Less is More: Knowing which passages to cut

You’ve heard Faulkner say “you must kill all your darlings” and Stephen King say “it’s always easier to kill someone else’s darlings than it is to kill your own”, so how does this help you when it comes time to get out the red pen?

Camilla Gibb, award-winning author of Mouthing the Words and The Beauty of Humanity Movementrecently told the CBC about the harshest thing an editor ever said to her: “‘It’s not the reader’s job to indulge you, Camilla.’ She was specifically referring to a chapter of a manuscript that I had enjoyed writing more than any other chapter. Yowza. Joy killer. And yet, it was probably also the wisest thing an editor ever said.”

When you love a passage or a chapter too much, it shows. It might stick out because it demonstrates a POV that we don’t need, it might introduce new themes that don’t fit in, and however beautifully written the passage is–and the darlings usually are–it needs to be cut.

You’ll know it’s a darling if:

  • Your agent or editor suggests cutting it and you find yourself resisting on no apparent grounds.
  • It is overwritten with metaphors.
  • It is telling not showing.
  • It is your favourite turn of phrase, but beta readers don’t find it memorable.
  • It feels indulgent.
  • Your gut is telling you something. You might mistake for a darling, but it’s usually an obtrusive passage.

Are you defending your darlings because you are stubborn or because you think they have merit? If it’s the former, this business is full of collaboration, especially when writing in isolation is over, so learning to communicate properly through the editing process and being able to evaluate your own emotions (and often check them at the door) is essential to being an author editors want to work with.

Edits are there for author approval, as it is your work, but as an agent I can only strongly advise where to cut.

Keeping a ‘darling’ can slow pace, take readers in a different direction and ultimately confuse them about the intentions of the book. Less is more. It isn’t the reader’s job to read around your darlings, it’s the reader’s job to have a meaningful reading experience.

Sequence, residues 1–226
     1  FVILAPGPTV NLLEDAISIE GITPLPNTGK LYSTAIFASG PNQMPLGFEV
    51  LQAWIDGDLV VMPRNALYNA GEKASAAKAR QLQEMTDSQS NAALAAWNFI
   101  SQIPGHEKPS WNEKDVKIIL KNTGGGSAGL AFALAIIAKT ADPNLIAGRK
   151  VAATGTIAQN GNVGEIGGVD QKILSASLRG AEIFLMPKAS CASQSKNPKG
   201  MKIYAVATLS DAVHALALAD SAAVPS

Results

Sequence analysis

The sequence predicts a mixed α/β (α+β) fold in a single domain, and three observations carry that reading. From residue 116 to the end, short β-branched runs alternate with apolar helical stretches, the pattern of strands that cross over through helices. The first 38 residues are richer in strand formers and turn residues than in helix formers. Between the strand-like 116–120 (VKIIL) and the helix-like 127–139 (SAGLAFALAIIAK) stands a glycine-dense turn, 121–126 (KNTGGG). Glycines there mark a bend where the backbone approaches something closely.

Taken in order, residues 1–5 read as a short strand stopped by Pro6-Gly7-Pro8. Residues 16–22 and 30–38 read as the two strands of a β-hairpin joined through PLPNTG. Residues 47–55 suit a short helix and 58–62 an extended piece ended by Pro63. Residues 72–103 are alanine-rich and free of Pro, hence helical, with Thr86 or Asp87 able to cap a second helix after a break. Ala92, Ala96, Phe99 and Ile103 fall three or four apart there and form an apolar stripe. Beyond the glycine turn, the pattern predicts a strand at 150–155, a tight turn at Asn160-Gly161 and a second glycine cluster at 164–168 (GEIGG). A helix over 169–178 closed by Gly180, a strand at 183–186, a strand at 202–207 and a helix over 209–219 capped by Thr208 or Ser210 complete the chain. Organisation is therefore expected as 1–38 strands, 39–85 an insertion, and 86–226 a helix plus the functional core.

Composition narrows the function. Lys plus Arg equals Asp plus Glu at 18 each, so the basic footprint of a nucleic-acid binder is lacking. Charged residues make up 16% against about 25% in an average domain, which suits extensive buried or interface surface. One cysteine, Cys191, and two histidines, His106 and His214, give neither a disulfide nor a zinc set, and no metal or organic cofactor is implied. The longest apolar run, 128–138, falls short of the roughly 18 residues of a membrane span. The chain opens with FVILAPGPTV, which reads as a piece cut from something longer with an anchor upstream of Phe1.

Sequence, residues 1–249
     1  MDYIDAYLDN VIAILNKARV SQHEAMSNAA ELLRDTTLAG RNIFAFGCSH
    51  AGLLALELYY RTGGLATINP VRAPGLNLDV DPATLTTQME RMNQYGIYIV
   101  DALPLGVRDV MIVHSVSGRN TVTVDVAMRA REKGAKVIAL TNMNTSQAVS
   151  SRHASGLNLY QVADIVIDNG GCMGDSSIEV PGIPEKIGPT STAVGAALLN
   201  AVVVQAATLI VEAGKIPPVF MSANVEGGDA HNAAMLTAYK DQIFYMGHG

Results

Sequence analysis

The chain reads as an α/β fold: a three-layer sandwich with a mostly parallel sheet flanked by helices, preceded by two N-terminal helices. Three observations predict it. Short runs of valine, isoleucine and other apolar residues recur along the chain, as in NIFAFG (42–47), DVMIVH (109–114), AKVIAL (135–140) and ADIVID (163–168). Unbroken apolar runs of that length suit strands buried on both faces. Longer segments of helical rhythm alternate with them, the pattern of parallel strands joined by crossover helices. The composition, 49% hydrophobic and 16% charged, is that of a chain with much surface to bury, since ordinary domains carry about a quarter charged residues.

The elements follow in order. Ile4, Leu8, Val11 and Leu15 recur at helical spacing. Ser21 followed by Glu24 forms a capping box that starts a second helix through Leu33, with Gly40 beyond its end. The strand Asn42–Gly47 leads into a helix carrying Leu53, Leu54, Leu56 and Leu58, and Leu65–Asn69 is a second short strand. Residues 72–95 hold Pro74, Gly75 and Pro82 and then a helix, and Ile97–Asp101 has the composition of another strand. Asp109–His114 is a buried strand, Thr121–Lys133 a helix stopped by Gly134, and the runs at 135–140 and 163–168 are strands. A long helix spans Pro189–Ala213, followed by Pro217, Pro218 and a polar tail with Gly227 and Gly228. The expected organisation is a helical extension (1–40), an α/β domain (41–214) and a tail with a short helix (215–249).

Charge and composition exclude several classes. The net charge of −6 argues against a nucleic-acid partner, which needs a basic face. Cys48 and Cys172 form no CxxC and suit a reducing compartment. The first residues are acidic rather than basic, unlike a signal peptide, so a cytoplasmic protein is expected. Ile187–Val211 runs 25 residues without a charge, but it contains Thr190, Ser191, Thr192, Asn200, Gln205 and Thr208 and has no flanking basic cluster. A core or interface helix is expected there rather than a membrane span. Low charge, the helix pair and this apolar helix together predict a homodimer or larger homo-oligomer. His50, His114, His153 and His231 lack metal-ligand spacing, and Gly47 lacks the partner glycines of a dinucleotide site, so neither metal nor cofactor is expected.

Further Reading:

Do you know where to start your novel?

Should you have a prologue?

(Image via kyungduk kim)

Published by Carly Watters

Carly Watters is a SVP, senior literary agent and director of literary branding with the P.S. Literary Agency. She is a hands-on agent that develops proposals and manuscripts with attention to detail and the relevant markets. PSLA’s mission is to manage authors’ literary brands for their entire career. Never without a book on hand she reads across categories which is reflected in the genres she represents and is actively seeking new authors in including women’s fiction, commercial and upmarket fiction, select literary fiction, platform-driven non fiction and select memoir. She occasionally represents children's book projects. Carly is drawn to emotional, well-paced narratives, with a great voice and characters that readers can get invested in.

3 thoughts on “Less is More: Knowing which passages to cut

  1. I agree with these comments. My two pennies’ worth is that perhaps this is due to much of writers’ experience and knowledge being gained outside of learning environments (egos aren’t much help either). At first, it’s not easy to put someone else’s proven track record as a reader in front of your own hard labour as a creator, but in the long run it’s worth it. Once you accept that people are trying to help you, things move along at a faster and more professional pace.


    1. Absolutely. A manuscript is your creation and letting someone critique it is a very vulnerable process. And you’re exactly right, having a team around you that wants the best for you will lead to engaging discussions about the progress of your novel and help in the revision stages.


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